Besides ongoing dental work during the working day, afterhours life within ‘Camp Birt’ was made as comfortable as possible. The PTI program kept us fit. With such a diverse mixture of engineering tradesmen in-loc, it didn’t take long for the camp to evolve, via the creation of additional creature comforts. An awesome gymnasium was erected which proved very popular with many of the Sappers. The Beach Volleyball court was later constructed and was the focal point for the weekly Volleyball competition amongst the different Troops / Teams. The SSM / Camp Commandant also introduced a weekly ‘fun night’ inside the Mess tent including trivia nights and bingo. These consisted of gold-coin donations to Legacy. The final amount of money raised for charity is unknown but was expected to be an extremely generous donation!

A timetable was quickly established and the Dental Team rotated on a weekly cycle, out to each of the three main local communities ie. Beagle Bay, Lombadina / Djarindjin, and Ardyaloon (‘One Arm Point’). The Dental Team was proactive in continually

Overall, the AACAP 19 deployment was a fantastic experience and one that provided a genuine opportunity to provide a real health effect to patients of all ages within the local Indigenous communities throughout the Dampier Peninsula.

CADMUS 2012

21


Reports from Operations and Exercises Royal Australian Air Force Dental Branch RAAF Operations and Exercises 2012 Squadron Leader Andrew Draper The past year has been one of our busiest with multiple operational commitments. We have welcomed the safe return of SGT Kerry Sears from an operational tour on OP SLIPPER although not in a dental role, and have sent CPL Terri-Anne Dehncke who is expected to complete a deployment shortly, again not in a dental role. These deployments have demonstrated the broad skills, flexibility and respect our workforce holds within the larger Air Force and ADF. We are justifiably proud of their contribution to the Australian Defence Force in their duties. We have been fortunate to be able to exercise our collective training and preparedness with opportunities arising for our personnel to participate on EX PACIFIC PARTNERSHIP lead by the US Navy, and also on EX TENDON VALIANT lead by the US Army. Through these exercises, our personnel have been able to share knowledge and work alongside military personnel from all over the world and also with a number of non-government organisations, each with a distinct way of working. It is hoped that 2013 will present us with more opportunities for our skills to be utilised. Please read on in the following articles of how our people used their actions to demonstrate the core Air Force values of excellence, agility, dedication and teamwork.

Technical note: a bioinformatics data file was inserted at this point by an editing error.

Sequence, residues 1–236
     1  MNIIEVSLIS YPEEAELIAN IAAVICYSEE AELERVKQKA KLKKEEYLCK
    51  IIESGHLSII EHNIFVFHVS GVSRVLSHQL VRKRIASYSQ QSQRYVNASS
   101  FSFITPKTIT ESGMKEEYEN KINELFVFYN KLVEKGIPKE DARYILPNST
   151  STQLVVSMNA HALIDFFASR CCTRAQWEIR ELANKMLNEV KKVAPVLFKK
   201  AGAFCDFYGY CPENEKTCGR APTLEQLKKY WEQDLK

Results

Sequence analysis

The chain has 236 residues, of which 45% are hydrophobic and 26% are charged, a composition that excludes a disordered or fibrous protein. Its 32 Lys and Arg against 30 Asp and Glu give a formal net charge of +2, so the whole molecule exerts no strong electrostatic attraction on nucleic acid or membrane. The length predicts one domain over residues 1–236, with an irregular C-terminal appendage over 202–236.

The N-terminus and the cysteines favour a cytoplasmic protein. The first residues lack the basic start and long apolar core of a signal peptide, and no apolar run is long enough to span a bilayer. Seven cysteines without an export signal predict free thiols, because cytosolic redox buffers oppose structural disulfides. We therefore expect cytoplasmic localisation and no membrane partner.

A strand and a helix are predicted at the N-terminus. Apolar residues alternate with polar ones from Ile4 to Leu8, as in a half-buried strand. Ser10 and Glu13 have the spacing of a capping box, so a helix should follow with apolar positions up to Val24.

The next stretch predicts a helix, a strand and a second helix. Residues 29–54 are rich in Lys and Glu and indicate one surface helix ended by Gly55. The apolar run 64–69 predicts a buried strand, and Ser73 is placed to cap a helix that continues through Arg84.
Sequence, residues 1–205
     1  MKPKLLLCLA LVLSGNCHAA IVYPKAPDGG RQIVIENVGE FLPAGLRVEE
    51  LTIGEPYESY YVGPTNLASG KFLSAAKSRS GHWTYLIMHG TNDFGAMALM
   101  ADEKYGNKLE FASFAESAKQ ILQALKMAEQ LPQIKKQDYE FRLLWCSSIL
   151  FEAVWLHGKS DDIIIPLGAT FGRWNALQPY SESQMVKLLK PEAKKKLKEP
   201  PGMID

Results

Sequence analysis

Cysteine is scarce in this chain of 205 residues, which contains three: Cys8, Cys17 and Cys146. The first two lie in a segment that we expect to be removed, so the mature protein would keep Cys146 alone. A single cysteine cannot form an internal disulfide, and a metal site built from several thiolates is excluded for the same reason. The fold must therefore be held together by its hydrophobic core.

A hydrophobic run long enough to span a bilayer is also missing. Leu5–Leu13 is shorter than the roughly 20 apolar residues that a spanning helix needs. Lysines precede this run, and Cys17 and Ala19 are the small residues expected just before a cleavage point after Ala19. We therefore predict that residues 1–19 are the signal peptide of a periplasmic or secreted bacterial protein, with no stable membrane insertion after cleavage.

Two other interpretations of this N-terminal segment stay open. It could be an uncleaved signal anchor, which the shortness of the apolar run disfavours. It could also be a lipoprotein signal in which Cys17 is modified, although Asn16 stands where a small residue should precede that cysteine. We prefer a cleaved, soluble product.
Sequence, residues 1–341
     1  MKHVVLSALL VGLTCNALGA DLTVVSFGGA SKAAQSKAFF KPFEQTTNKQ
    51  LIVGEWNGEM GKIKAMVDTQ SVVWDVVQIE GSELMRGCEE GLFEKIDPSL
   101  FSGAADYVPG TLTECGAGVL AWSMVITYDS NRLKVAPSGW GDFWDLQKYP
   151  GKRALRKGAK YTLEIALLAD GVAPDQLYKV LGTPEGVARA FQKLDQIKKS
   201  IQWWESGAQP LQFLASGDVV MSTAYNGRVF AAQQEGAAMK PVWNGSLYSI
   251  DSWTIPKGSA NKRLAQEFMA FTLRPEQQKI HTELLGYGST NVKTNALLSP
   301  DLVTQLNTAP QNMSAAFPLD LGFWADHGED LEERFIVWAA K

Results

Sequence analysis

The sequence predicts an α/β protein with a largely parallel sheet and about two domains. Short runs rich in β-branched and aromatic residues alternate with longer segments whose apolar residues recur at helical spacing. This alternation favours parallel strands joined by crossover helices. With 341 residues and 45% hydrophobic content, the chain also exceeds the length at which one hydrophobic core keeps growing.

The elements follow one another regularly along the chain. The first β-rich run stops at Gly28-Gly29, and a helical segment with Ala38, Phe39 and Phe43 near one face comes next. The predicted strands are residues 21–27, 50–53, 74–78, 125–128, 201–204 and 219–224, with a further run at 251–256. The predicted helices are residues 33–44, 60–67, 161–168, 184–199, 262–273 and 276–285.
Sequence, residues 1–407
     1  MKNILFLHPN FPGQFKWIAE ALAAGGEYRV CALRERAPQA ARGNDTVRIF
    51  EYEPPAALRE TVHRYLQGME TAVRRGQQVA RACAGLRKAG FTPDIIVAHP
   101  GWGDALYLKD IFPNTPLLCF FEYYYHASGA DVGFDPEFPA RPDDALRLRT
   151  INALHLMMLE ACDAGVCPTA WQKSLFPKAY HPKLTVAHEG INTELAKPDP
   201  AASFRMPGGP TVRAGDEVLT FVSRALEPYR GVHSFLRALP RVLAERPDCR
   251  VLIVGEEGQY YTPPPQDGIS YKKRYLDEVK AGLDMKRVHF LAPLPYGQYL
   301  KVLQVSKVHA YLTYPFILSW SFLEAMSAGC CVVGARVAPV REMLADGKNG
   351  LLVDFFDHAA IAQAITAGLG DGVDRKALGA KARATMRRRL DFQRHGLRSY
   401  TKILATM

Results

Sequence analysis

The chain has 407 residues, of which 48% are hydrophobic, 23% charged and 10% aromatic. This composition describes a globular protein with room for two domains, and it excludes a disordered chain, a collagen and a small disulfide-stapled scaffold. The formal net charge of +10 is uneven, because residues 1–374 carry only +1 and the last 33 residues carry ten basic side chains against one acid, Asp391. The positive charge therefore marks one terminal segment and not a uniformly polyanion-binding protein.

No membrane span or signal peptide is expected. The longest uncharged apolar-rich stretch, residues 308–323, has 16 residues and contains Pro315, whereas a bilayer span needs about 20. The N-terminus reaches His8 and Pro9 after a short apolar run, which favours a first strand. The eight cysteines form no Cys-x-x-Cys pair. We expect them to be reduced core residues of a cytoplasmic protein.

Pacific Partnership 2012: A RAAF Perspective Contingent 1: 22 May – 04 Jul 12 Flight Lieutenant Georgina Seto Introduction Exercise Pacific Partnership is a humanitarian assistance mission, sponsored by Commander US Pacific Fleet. It aims to strengthen alliances between partner nations and host nations; and to enhance our capacity to respond to natural disasters. Our Australian contingent boarded the USNS The USNS Mercy MERCY in Guam on 22 May 12 and disembarked at Subic Bay on 4 Jul 12. For Contingent 1, our Australian dental team included LCDR Kelly Gregg, FLTLT Georgina Seto, SGT Rachel Dudgeon and LS Rachelle Johnson. As a RAAF member, life at sea was a new experience. It almost felt like learning a new language. Due to the size of the USNS Mercy, many of us were fortunate not to feel the effects of sea sickness. However, on a few occasions from Indonesia to the Philippines, the Sick Call (Sick parade) waiting room was full of slightly greenlooking faces.

Indonesia In Indonesia, five MEDCAPs (Medical Civil Actions Projects) were sent ashore to different islands. Our MEDCAP team spent five days in Siau, Indonesia, providing healthcare, preventive

22

and environmental medicine, engineering services, veterinary medicine and education. At each MEDCAP site, the patients were triaged at reception and given a coloured wristband denoting what type of medical treatment they were seeking – Medical, Dental, The Dental team set up Paediatric medicine, Optometry or Pharmacy. Next, a Nurse or Medic recorded their vitals and then they were escorted or directed towards the relevant department to wait for their treatment. Most of our time was spent extracting severely decayed or periodontally-involved teeth. Many of the children and adults had never been to a dentist before. We handed out thousands of toothbrushes and tubes of toothpaste, along with oral hygiene instructions (with the help of our fantastic translators).

A typical patient requiring multiple extractions due to extensive decay and periodontal involvement. (Photo taken by CMDR Allen, June 2012)